How Gratitude Makes You Happier

Woman writing in her journal on the couch.

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Choosing to be thankful may well be an easy and accessible way to boost your happiness. There is a definite link between gratitude and happiness. First, what is happiness? When we think of happiness, we usually think of it as a subjective sense of well-being, a feeling of joy and satisfaction. What many people may not realize is that happiness isn’t just an emotion or fleeting feeling. It’s about how good you feel and also how satisfied you are with your life.

Positive psychology researcher Sonja Lyubomirsky, who has won grants for her research on the possibility of permanently increasing happiness, considered those feel-good emotions like joy and a sense of positive well-being in measuring happiness. Yet, she also found happiness to include a deep sense of meaning, worth and purpose in life.

Dr. Amy E. Keller, PsyD, a marriage and family therapist doesn’t leave out the purposeful aspect in building happiness. When you feel joyful, but also feel your life has meaning, you’re more appreciative of what you have.

She says, “When I talk about happiness with clients, I emphasize feeling purposeful and connected and cultivating satisfaction and self worth, as well as simply feeling pleasure—which of course is also a factor! Gratitude supports happiness in ways related to all of these.”

Let's take a look at the positive benefits of gratitude and how you can learn to cultivate gratitude in your daily life.

What Happens to Our Bodies When We're Grateful?

Much scientific evidence has shown that gratitude has far-reaching effects on our health. When people are thankful and are good with things as they are, their physical health reflects that. They’re more likely to exercise, eat better, and take care of their health.

Researchers over the years point to lower stress, reduced pain and improved immune systems as a result of being thankful. Even better blood pressure and positive effects on the heart have been linked to gratitude.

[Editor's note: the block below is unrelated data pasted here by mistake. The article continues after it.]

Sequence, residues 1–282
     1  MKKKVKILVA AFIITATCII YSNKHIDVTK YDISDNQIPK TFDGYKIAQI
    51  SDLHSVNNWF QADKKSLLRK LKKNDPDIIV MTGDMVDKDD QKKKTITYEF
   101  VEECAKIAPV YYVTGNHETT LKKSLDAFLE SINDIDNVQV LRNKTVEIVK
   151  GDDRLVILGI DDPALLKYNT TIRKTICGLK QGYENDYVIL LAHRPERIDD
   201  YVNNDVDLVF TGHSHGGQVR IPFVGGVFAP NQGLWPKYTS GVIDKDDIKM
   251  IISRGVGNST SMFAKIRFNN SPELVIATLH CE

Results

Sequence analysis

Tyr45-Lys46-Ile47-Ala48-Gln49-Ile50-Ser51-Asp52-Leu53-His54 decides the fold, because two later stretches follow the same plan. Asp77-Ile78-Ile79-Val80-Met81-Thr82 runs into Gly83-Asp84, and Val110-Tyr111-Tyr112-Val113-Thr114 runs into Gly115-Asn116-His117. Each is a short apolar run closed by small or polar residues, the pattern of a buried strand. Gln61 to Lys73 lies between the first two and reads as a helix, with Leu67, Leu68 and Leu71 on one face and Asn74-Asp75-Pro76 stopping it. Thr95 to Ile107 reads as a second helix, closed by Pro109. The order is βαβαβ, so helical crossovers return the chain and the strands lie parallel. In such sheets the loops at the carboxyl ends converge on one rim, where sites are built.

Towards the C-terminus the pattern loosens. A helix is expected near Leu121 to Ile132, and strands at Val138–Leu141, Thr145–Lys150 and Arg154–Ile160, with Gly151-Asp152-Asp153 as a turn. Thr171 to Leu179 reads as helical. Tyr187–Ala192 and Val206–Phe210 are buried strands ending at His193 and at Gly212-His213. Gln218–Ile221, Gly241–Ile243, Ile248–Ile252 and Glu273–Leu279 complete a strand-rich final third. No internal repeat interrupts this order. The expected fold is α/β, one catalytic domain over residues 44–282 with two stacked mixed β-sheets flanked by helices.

Gratitude has a strong positive impact on psychological well-being as well. It increases self-esteem, enhances positive emotions and makes us more optimistic. 

When we feel deep happiness, our bodies are producing all sorts of wonderful chemicals. Keller explains more specifically how rewarding it is for our body.

Amy E. Keller, PsyD

Experiencing gratitude activates neurotransmitters like dopamine, which we associate with pleasure, and serotonin, which regulates our mood. It also causes the brain to release oxytocin, a hormone which induces feelings like trust and generosity which promotes social bonding, and feeling connected.

— Amy E. Keller, PsyD

How to Practice Gratitude

Just like a muscle, when you exercise your thankfulness more often, you’re more likely to see beneficial effects.

Learn From the Scandinavians

In 2018 and 2019, Finland ranked No. 1 in The United Nation’s (UN) World Happiness Report. It’s worth pausing to think about why Finland, Norway, Sweden, Denmark and Iceland often rank at the top for the happiest people in the world. The UN report is a survey of global happiness that ranks 156 countries by respondent ratings of their own lives.

Therefore, Scandinavians themselves are determining their levels of happiness. It’s obviously pretty high. They are appreciative of a functioning society in which they have economic security and in which social institutions support everyone, not just a few. Yet, there is something else. The Swedes use the word “lagom,” to describe a kind of moderation, a just enough-ness they value.